Reconnecting the Nexus: Young People and the Corporeal Reproduction of the State

Authors: Ben Coles*, University of Leicester, Peter Kraftl, University of Birmingham
Topics: Political Geography, Resources, Resources
Keywords: Nexus, Young People, Political Geography, Political Ecology, Food
Session Type: Paper
Day: 4/11/2018
Start / End Time: 3:20 PM / 5:00 PM
Room: Napoleon C1, Sheraton 3rd Floor
Presentation File: No File Uploaded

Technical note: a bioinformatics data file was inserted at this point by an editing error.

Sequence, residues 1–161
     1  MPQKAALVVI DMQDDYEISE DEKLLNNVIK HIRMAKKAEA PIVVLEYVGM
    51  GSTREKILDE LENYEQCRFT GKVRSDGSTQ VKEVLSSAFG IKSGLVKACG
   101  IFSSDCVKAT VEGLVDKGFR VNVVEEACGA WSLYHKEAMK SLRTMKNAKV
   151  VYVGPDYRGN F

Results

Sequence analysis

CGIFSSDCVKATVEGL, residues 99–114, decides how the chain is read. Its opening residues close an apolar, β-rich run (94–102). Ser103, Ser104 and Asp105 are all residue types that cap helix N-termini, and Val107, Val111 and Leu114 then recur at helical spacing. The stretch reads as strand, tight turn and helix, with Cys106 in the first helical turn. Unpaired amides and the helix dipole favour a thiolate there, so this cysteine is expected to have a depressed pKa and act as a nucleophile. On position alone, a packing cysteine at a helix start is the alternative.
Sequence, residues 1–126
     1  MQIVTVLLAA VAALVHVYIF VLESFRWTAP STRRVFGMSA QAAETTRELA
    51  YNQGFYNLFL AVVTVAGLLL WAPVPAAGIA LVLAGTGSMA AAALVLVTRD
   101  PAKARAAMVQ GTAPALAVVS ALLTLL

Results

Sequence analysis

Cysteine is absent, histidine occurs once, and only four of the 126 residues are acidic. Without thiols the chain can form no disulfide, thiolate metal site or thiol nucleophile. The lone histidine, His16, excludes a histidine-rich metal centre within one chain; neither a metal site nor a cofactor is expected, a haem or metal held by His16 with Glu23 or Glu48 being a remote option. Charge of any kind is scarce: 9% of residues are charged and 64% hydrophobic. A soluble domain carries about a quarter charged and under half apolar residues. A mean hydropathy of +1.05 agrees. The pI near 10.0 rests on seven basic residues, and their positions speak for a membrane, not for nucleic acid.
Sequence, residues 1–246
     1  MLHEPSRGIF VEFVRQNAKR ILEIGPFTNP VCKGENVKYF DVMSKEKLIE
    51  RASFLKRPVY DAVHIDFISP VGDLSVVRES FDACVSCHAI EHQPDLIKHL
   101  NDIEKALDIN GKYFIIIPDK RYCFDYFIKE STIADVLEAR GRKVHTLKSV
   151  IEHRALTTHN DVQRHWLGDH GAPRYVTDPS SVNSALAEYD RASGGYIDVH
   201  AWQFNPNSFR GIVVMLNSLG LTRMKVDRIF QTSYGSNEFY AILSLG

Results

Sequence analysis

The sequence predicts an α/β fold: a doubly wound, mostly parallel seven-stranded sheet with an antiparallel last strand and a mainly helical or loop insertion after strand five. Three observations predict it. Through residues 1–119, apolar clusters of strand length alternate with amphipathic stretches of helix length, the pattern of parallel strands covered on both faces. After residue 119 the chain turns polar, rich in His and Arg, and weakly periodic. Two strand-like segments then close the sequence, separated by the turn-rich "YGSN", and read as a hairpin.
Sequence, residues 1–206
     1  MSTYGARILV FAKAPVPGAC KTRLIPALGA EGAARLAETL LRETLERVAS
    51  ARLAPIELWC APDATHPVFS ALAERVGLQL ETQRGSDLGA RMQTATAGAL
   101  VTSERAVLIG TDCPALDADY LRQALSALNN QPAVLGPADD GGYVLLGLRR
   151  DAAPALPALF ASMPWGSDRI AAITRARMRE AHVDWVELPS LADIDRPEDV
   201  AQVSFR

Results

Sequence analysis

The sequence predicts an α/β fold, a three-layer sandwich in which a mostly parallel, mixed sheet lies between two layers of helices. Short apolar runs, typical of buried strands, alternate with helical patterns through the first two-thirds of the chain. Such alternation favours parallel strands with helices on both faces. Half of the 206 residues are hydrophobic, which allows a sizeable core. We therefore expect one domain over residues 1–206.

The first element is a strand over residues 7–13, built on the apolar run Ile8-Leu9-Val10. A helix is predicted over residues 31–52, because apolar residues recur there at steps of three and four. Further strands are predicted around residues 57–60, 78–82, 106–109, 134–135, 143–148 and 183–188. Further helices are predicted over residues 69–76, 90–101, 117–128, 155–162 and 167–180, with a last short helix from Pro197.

Notions of (dis/re)connection have long-informed debate and discourse within human geography. This is particularly the case within the scholarship surrounding consumption, especially that of food, and that surrounding the geographies of young people – particularly when it comes to questions of environment. In the former, consumers are often positioned as disconnected from the geographies of the things they consume. In the case food, they appear alienated from the sources of their corporeal reproduction, and, consequently need to be reconnected to them. In the latter, young people are said to be disconnected from the environment and thus need to be reconnected to it – often through a range of environmental education initiatives. For us, such notions raise fundamental geographical questions about what and where are to be (dis/re)connected in the first place. Drawing from a long-term, large-scale research project into Brazil’s food-water-energy (FWE) ‘nexus’, this paper examines the multiple (dis/re)connections of young people-consumers. We consider the sense of moral outrage that underlies their disconnection from the geographies of the reproduction, and the moral imperative that subsequently underlies re-connection to them. In particular we illustrate the ways in which notions of (dis/re)connection mobilise scalar discourses, enacting political, and political-ecologic objectives – specifically that of the State and the ways in which it assures its reproduction through the bodies of young people. We close with a discussion of how nexus-approaches can be employed to make the modes of these (dis/re)connections more visible, and thus often submerged machinations of the State more legible.

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